Gene therapy breakthrough: from halted clinical trial to Nobel Prize

gene therapy

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Gene therapy is described as the capacity for gene improvement by means of the correction of altered (mutated) genes or site-specific modifications with purpose of therapeutic treatment. Food and Drug Administration (FDA) , for instance, defined that gene therapy was a technique that modified a person’s genes to treat or cure disease and that gene therapy could work by several mechanisms. Firstly, by replacing a disease-causing gene with a healthy copy of the gene. Secondly, by inactivating a disease-causing gene that was not functioning properly or for example by introducing a new or modified gene into the body to help treat a disease.

The early days

History of gene therapy starts in 70s and 80s with two, eventually halted, clinical trials of which one was related to specific enzyme and other to hemoglobin deficiency. Early attempts to treat patients with novel approach did not grant success in terms of assuring effective therapy. But, the significance of these trials reflects in providing new insights for development and improvement of technique. Furthermore, development of new techniques led to development of significant number of registered gene therapy medicinal products worldwide.

Currently, not only we are able to replace defective gene, but also, we are developing methods for correcting specific sequence within a genomic DNA region – known as gene editing. In fact, CRISPR-Cas9 gene editing might be the most known method considering that in 2020 Emmanuelle Charpentier and Jennifer Doudna have been awarded by Nobel Prize in Chemistry for development of a method for gene edition.

Approved drugs

By regulating the malfunctioning genes, gene therapy could radically improve the treatment of monogenic disorders and other genetically defined diseases. In other words, it represents the most recent advances of the biotechnology revolution in medicine.

During the past half century, the aim was to develop promising gene therapy drugs for human use. Since 1998, twenty-two gene therapy drugs have been approved for treatment of human diseases (Picture 1) as a result of advanced biotechnologies applied in the pharmaceutical field. Also, several types of therapies were developed through years including naked nucleic acids, a non-viral vector, viral vectors and cell-mediated gene therapy products. For example, treatment of diseases such as head and neck cancer (Gendicine), nasopharyngeal carcinoma (Oncorine), soft tissue sarcoma and osteosarcoma (Rexin-G), LPL deficiency (Glybera), spinal muscular atrophy (Spinraza and Zolgesma), etc. involve the approved gene therapies.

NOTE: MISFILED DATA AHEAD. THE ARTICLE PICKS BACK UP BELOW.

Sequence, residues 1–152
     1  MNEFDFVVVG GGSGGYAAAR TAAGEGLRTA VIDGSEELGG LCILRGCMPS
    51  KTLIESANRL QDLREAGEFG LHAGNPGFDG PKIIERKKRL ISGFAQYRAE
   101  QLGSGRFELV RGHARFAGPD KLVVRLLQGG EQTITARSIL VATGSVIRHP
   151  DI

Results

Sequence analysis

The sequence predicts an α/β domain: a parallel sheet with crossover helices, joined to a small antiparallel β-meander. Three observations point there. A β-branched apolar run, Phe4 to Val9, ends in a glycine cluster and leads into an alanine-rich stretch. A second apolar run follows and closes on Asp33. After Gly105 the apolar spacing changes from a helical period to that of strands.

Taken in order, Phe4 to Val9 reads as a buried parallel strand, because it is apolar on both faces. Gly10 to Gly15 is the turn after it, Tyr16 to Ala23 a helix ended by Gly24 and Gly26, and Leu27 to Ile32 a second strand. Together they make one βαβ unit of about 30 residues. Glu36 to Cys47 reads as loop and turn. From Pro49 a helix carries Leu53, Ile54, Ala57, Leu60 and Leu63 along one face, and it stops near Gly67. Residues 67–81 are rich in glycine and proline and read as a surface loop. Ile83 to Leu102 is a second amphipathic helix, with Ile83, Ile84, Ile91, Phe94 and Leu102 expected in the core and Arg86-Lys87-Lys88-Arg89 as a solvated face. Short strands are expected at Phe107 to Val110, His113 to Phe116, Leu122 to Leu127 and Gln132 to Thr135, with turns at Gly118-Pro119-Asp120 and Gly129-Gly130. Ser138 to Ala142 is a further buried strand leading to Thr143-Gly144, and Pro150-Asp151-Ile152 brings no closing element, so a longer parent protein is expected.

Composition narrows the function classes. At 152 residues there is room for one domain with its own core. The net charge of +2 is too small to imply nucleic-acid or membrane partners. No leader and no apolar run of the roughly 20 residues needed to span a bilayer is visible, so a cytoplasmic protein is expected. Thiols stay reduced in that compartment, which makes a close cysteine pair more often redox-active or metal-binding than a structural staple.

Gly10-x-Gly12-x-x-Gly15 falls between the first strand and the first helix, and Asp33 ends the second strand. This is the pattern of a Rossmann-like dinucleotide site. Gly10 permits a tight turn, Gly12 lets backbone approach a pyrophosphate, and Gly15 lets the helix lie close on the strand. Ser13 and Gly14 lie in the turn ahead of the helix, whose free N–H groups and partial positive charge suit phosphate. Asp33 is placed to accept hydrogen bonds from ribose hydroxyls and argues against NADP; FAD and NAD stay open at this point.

Timeline of gene therapy medicinal products approved worldwide (1998 - 2019)
Picture 1. Timeline of gene therapy medicinal products approved worldwide from 1998 to 2019 (Ma et al, 2020)

Ethical issues

In 2015, Chinese scientists reignite the ethical debate after reporting editing the genomes of human embryos. By this time, there have been studies regarding editing mouse embryos and human adult cells. But, gene editing of human germline was not studied yet. The team used non-viable embryos, which cannot result in a live birth, and attempted to modify gene responsible for β-thalassemia using CRISPR/Cas9 technique. The results revealed that technique should be improved considering large amount of ,,off-target” mutations. That was one of the main safety concerns when it comes to editing germline, considering harmful effect of these mutations.

When it comes to developing new technics for treatment of human diseases, bioethics is always present to assess risk and benefit ratio, and moral implications involved. Nowadays, large part of scientific community approves genetic therapy of somatic cells, especially in cases of severe disorders. However, the possibility of genetically modifying germlines has been the object of debates for a long time.

“Many people say they are worried about the changes in our genetic instructions. But these (genetic instructions) are merely a product of evolution, shaped so we can adapt to certain conditions which might no longer exist. We all know how imperfect we are. Why not become a little better apt to survive?“ – James Watson

Literature:

  1. FDA website
  2. Capone, F., Nappi, F., & Galli, M. C. (2020). Gene Therapy Clinical Trials: Past, Present and Future. In Second Generation Cell and Gene-based Therapies (pp. 285-301). Academic Press.
  3. Cyranoski, D., Reardon, S. (2015). Chinese scientists genetically modify human embryos. Nature
  4. Gonçalves, G. A. R., & Paiva, R. D. M. A. (2017). Gene therapy: advances, challenges and perspectives. Einstein (Sao Paulo), 15(3), 369-375.
  5. Ma, C. C., Wang, Z. L., Xu, T., He, Z. Y., & Wei, Y. Q. (2020). The approved gene therapy drugs worldwide: from 1998 to 2019. Biotechnology advances, 40, 107502.

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